The object of the game was simple. I was to take the empty bottle of wine back to the café down the block and ask them to refill it, or else exchange it for a full one. I was to buy a package of salt, whatever kind it was they served on our salad last week when M and I had lunch there.
Before I left the apartment, I asked M, seated at his computer, “How do I say sea salt in German? And how do I ask for a refill?” He just shrugged and shook his head. I had forgotten to look up the words in the dictionary before putting on my coat.
“Never mind,” I said, heading out the door. It’s best not to overthink every errand, I reminded myself, no need to beat myself up for not getting the words right, because shopping here remains a game of back and forth, give and take, German and English. And this time it would bring French into play. But somehow, no matter the language or how badly we speak it, we keep managing to bring home the groceries.
I headed out into the new sunshine and down the block. We’d been walking past this place for months without entering. L’épicerie, it’s called, and they list quiches on their chalkboard of daily specials. M and I had intended to go to our favorite Habibi for falafel one day the week before, and get a coffee elsewhere afterwards, but we slowed to a stop before the slate of reasonably priced quiches propped outside the door, and realized we could save time by ordering both our meal and our coffee in one fell swoop. The quiche turned out to be magnifique, and M became smitten with the large grains of salt they served on their salad. By the time we left we added a bottle of house wine to our lunch bill to take home for later. The server handed us a bottle with a small cork in it; clearly he’d just filled it from some vat in the back.
This time I returned to the café with the empty bottle in my purse. The deposit on the bottle was a euro, and I hoped to get a refill and some of that special salt. As I entered I saw a lone man sitting at a table who looked a bit antsy, craning his neck to see if anyone was likely to emerge from the kitchen anytime soon. He seemed to be gripping his menu a little too hard. I wandered past him to the small room in the back where a few French groceries were assembled on the shelves. I found a shelf of salts and picked each one up and shook it to see if it sounded like large-grain salt. I was killing time, waiting for the server to emerge too.
A man came in to make a delivery with a few boxes, and upon his arrival, the young man who had served M and I last week came out to take the groceries off his hands. The two of them exchanged some pleasantries in French. The supplies safely delivered, the young man then went to take the anxious patron’s order. Then it was my turn.
“Guten tag,” I opened, feeling as if I were tossing the lowest card in my hand on the counter between us. Two of spades; my opening in German implied I had more cards in this suit, but the truth is there were slim pickings. The waiter responded by asking what I’d like in German, and though I understood him I felt that same dread that I feel all too often in Berlin; I knew I could start my sentence with “Ich hätte gerne,” the politest form of “I would like,” but beyond that I was plumb out of words. The waiter surely saw the look on my face: the understanding without the vocabulary to respond.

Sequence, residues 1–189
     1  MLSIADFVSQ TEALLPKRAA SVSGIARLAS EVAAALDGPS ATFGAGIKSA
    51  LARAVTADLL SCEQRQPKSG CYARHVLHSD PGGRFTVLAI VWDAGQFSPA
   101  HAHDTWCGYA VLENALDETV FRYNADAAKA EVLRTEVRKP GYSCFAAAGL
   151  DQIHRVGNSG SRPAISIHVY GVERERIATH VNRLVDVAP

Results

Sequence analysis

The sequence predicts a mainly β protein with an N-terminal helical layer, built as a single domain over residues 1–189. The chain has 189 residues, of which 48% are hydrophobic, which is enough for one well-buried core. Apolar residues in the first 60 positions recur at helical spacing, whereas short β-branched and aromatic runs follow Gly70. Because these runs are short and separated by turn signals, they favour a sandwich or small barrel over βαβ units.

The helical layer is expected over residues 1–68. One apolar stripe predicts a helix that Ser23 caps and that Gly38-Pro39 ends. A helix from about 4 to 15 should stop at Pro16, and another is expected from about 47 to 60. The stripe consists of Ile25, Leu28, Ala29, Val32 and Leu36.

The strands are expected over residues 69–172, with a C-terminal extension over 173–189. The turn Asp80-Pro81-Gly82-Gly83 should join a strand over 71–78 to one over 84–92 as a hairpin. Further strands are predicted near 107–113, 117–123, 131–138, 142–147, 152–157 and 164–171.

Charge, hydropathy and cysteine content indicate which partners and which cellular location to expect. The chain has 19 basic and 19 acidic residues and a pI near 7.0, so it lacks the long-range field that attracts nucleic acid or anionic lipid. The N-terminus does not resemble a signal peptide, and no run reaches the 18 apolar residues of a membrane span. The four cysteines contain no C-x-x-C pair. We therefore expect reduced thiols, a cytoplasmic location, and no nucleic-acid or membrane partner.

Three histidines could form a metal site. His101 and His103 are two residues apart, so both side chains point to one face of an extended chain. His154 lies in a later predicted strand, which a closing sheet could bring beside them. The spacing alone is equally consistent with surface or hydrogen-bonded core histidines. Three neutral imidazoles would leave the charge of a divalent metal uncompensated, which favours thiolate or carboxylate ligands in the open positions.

It hit me that I had majored in French, and everyone here seemed to speak it; I could still piece together complete sentences in that language.
“Lequel sel utilisez-vous sur votre salade?” I asked, holding up two different boxes, grinning inwardly. Lequel! I hadn’t used that word in a long time. He hemmed and hawed in French and then said he thought it was the one in my left hand.
I put the box he had indicated on the counter. “Et encore une bouteille de vin, s’il vous plait?” I asked, now pulling the empty bottle from my purse. I was having fun now. French! Why hadn’t it occurred to me to come here sooner? Here’s a little oasis from German, I thought, a place where I can use the language I once spent years studying.
“Un moment,” he said, and took the empty bottle from me and carried it back to the kitchen to confer with whoever was back there. He came back from the kitchen empty-handed and told me that he was désolé, but they were out of their house wine.
Not a problem; I’ll choose one from the shelf, I said in French, though I sensed that several errors had crept into my sentences, and I worried I’d overplayed my hand. I chose a different wine off the shelf, one that looked familiar, and put it on the counter next to my box of sea salt.
“That’s twelve euros, please,” he said in English, shifting gears entirely. Now that was unfair. What happened to French? Discarded so quickly? I was trying, really I was, and I had more words to offer in French, a decent vocabulary to draw from, and given half a chance can hold my own in it, but he rejected my efforts when he upped the ante to English.
I was annoyed at first, until I realized that his English was thick with a French accent, and though he was perfectly understandable, English was, after all, my strong suit, not his.
“That’s fine; hang on,” I said, and I pulled out my wallet and paid him the twelve euros. I packed the salt and wine into my bag, and I knew I was breaking the rules when I tossed him my last words in his own language, “Merci! Au revoir!”
But I may as well have parted with a more final Adieu, since the tension of switching languages every few sentences made me dizzy. I have no interest in playing that game too often. Two languages is bad enough. Three in play is just too many. It struck me that the game of testing one another to see if we were on equal ground in a given language, then changing suits to the next when it appeared one of us was hopelessly outclassed, then yet again until we landed on the ubiquitous, common English, exhausted me, though it worked to my advantage.
Inevitably, English trumps all.